links for 2009-02-17

17 Feb
  • Shankar Sharma’s and Devina Mehra’s lives turned on them. All their branch offices closed down, their properties were attached, their home and offices were raided 26 times, their computer hard disks and servers were seized. They were banned from trading on the stock exchange, which was their livelihood, their bank accounts were frozen. They were physically detained three times, Shankar went to jail for nine weeks without bail under a law that had been repealed a year and a half earlier by Parliament, and within the year, they received over 300 summons for personal appearances from various departments and agencies of the government. The Income Tax Department, the Enforcement Directorate (ED), the Excise Department, the Department of Company Affairs, and the Reserve Bank of India all investigated Shankar and Devina. The Income Tax Department raided them 15 times. Twenty-two cases were filed against them under the Companies Act, plus one FERA case and five FERA civil proceedings.
    (1) They live here. You don’t. (2) If you don’t want their hair on your clothes, stay off the furniture. That’s why they call it ‘fur’-nature. (3) I like my pets a lot better than I like most people. (4) To you, they are animals. To me, they are adopted sons/daughters who are short, hairy, walk on all fours and don’t speak clearly.
    Remember, dogs and cats are better than kids because they (1) eat less, (2) don’t ask for money all the time, (3) are easier to train, (4) normally come when called, (5) never ask to drive the car, (6) don’t hang out with drug-using people; (7) don’t smoke or drink, ( 8) don’t want to wear your clothes, (9) don’t have to buy the latest fashions, (10) don’t need a gazillion dollars for college and (11) if they get pregnant, you can sell their children ..
    (tags: pets)
  • Next time you feel outraged, violated, abused, don't let it go by and add up to your list of litanies and complaints. Stand up and take it to the limit – at least your own limit. Not in the same way as they wrong you, but in the way that every citizen, at least in theory, is entitled to complain and protest…
    If are up to it, start right now…
    It is not Bangalore that is going to the dogs. It is us. We have far too long become accustomed to let everything go. And the more we let things go without any protest or fight, the dormant criminal and dark elements of the society get that much more encouraged. Every time we turn the other way, the hooligan next street gets incentivized to push the boundary a little further, provoke a little more, try something a little more atrocious. It is time for us to refuse to let this go on. We are responsible for making ourselves proud. Lets believe in ourselves. We can do this.
  • And yet, the newspaper caved in last week. Why?
    Two reasons explain this. One is the ridiculous section of the Indian Penal Code S 295 (A) — which allows anyone offended by anything to demand that what offends him should be banned…India is a multi-everything country with a billion people, and the possibility of such disputes is endless.
    And that’s where the second reason comes in: the failure of the state to protect rights…Anyone who can take umbrage, does; and his hurt feelings take precedence over others’ right to express themselves freely. Instead of protecting the right of free expression, the state defends the offended, thus circumscribing meaningful debate.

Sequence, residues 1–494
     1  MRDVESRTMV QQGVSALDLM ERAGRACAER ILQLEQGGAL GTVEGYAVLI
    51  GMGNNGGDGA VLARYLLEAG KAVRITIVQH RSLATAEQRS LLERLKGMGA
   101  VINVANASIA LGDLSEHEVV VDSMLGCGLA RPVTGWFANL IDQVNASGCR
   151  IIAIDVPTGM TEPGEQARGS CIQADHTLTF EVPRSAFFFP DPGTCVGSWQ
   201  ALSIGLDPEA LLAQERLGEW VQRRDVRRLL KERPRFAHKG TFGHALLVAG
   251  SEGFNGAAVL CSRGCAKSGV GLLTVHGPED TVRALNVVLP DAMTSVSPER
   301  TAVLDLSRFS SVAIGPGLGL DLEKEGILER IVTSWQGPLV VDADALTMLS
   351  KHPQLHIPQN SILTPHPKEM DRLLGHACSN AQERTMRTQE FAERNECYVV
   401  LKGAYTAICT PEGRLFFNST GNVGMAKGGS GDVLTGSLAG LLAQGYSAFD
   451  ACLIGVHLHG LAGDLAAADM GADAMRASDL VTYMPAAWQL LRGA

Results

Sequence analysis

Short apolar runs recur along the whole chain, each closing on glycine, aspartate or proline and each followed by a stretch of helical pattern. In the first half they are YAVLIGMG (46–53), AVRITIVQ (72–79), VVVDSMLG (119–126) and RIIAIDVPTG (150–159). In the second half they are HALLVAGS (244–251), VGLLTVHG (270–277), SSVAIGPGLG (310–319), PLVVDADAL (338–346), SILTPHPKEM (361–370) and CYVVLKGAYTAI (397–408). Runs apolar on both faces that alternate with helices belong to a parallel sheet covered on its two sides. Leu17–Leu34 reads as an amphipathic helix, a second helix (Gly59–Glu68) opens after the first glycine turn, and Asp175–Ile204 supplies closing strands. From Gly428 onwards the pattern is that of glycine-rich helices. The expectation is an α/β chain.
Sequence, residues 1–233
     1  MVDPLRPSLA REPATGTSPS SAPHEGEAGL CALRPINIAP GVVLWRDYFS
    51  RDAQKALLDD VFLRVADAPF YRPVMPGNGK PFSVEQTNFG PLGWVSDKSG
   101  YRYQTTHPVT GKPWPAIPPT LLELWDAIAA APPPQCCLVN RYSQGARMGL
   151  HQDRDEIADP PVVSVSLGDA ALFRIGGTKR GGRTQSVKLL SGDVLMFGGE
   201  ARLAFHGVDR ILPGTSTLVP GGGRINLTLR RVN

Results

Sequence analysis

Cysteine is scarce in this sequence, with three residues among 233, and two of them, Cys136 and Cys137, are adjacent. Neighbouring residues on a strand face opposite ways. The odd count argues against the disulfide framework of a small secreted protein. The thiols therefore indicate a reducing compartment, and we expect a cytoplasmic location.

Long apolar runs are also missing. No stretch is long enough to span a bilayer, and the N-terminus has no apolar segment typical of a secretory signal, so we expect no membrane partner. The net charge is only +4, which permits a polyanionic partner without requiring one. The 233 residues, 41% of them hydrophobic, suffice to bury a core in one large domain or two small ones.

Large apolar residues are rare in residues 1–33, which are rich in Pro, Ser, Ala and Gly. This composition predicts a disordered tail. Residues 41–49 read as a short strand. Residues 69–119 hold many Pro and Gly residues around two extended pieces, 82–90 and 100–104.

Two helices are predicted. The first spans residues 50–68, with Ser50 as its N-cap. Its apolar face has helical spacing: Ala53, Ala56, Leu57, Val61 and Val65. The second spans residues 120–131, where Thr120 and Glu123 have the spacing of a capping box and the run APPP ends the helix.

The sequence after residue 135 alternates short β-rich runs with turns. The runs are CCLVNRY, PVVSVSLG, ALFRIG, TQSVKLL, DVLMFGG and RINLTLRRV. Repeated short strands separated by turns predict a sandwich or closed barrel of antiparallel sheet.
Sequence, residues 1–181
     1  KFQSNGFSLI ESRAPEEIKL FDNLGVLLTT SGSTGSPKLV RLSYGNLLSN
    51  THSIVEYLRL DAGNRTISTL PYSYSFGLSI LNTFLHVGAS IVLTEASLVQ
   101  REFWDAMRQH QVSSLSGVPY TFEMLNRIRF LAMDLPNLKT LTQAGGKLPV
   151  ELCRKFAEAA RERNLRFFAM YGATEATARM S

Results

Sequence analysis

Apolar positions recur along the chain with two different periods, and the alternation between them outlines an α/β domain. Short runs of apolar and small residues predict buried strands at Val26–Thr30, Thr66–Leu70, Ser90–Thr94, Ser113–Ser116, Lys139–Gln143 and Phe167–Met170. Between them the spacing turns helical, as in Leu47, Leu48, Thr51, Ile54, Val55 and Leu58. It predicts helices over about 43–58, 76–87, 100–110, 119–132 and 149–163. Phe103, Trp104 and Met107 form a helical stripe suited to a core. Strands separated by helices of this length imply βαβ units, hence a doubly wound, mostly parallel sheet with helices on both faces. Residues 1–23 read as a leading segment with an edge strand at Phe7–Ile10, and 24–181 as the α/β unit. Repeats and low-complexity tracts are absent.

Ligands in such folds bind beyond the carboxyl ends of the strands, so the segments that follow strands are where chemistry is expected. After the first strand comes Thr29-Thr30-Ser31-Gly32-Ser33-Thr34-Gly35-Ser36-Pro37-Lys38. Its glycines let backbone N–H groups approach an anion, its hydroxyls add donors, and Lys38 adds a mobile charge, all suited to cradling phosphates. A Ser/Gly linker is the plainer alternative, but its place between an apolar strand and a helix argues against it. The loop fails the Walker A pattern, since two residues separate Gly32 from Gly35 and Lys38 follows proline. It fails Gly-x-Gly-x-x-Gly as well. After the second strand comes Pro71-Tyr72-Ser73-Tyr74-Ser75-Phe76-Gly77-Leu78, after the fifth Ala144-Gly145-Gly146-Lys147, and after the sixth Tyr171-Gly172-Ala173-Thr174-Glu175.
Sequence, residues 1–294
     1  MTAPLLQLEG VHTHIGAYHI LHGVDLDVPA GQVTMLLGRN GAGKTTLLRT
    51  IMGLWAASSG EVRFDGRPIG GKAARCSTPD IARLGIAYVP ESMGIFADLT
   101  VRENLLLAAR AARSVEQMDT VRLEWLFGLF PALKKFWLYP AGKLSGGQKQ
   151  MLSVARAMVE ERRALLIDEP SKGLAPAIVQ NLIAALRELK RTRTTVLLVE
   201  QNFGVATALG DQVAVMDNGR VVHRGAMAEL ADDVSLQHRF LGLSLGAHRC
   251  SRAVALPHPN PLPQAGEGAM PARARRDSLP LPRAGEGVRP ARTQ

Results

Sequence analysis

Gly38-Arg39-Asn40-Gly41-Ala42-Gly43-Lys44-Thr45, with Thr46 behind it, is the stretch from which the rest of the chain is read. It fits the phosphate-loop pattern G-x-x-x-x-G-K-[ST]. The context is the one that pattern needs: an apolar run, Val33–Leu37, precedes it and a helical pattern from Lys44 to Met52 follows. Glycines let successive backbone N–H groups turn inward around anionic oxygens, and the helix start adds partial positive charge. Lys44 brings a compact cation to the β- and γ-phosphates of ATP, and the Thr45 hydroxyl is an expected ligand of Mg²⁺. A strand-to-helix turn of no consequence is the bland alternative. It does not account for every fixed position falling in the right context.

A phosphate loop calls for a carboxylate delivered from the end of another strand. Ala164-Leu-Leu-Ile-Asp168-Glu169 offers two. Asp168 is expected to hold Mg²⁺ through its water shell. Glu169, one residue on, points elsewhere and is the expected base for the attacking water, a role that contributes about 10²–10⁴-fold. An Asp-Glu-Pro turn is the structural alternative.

…It deserves the state’s protection. Instead, the state threatens the editor with jail. Result: the world’s largest democracy narrows its discourse, talking about less and less in public, breeding more and more resentment in private. And a newspaper that could once challenge the highest of the land is made to grovel.
  • Ultimately, Facebook’s stance can be summarized as “trust us, we won’t do anything bad.”…
    In the end, this fiasco isn’t going to change the way I use Facebook, and I imagine it won’t do much to alter other user’s plans either. Their terms of service, like those of any other company operating on the Web, are designed to put their interests first, and eliminate just about any potential legal risk that their lawyers can think up.
    Once again though…Facebook has done a poor job of communicating the changes, leaving Zuckerberg on the defense instead of proactively keeping users informed on potentially controversial moves the company is making.
    Chances are Facebook won’t abuse the privileges they are granted under their TOS…But as a user, it’s another reminder that what you do on the Internet is probably permanent, and much of it, probably outside your control.
  • The possible implications of this TOS change go beyond these concerns. Sure, you can choose not to use Facebook at all, but that doesn’t mean a thing. Someone can still take your photo, slap it on Facebook, and now neither you nor the author of the photo can stop Facebook from using the photo in whichever way they please.
    Looking at it globally, millions of people are uploading bits of information on everyone and everything, to a huge online database, and by doing so they’re automatically giving away the rights to use or modify this information to a private corporation. And not only that; they now also waiver the right to ever take it back from it.
    Facebook should take a long, deep look into how it treats its users. Until now, users had options with regards to how the data they generated on Facebook was used. Now, they have no options whatsoever, rather than quit the service altogether. It’s a major difference; I’m not going to take it lightly, and neither should you.
1 Comment

Posted by on February 17, 2009 in Links


One response to “links for 2009-02-17

  1. Joe

    February 22, 2009 at 8:48 am

    the fact that Facebook change their TOS back so quickly is like an admission that they knew they were wrong


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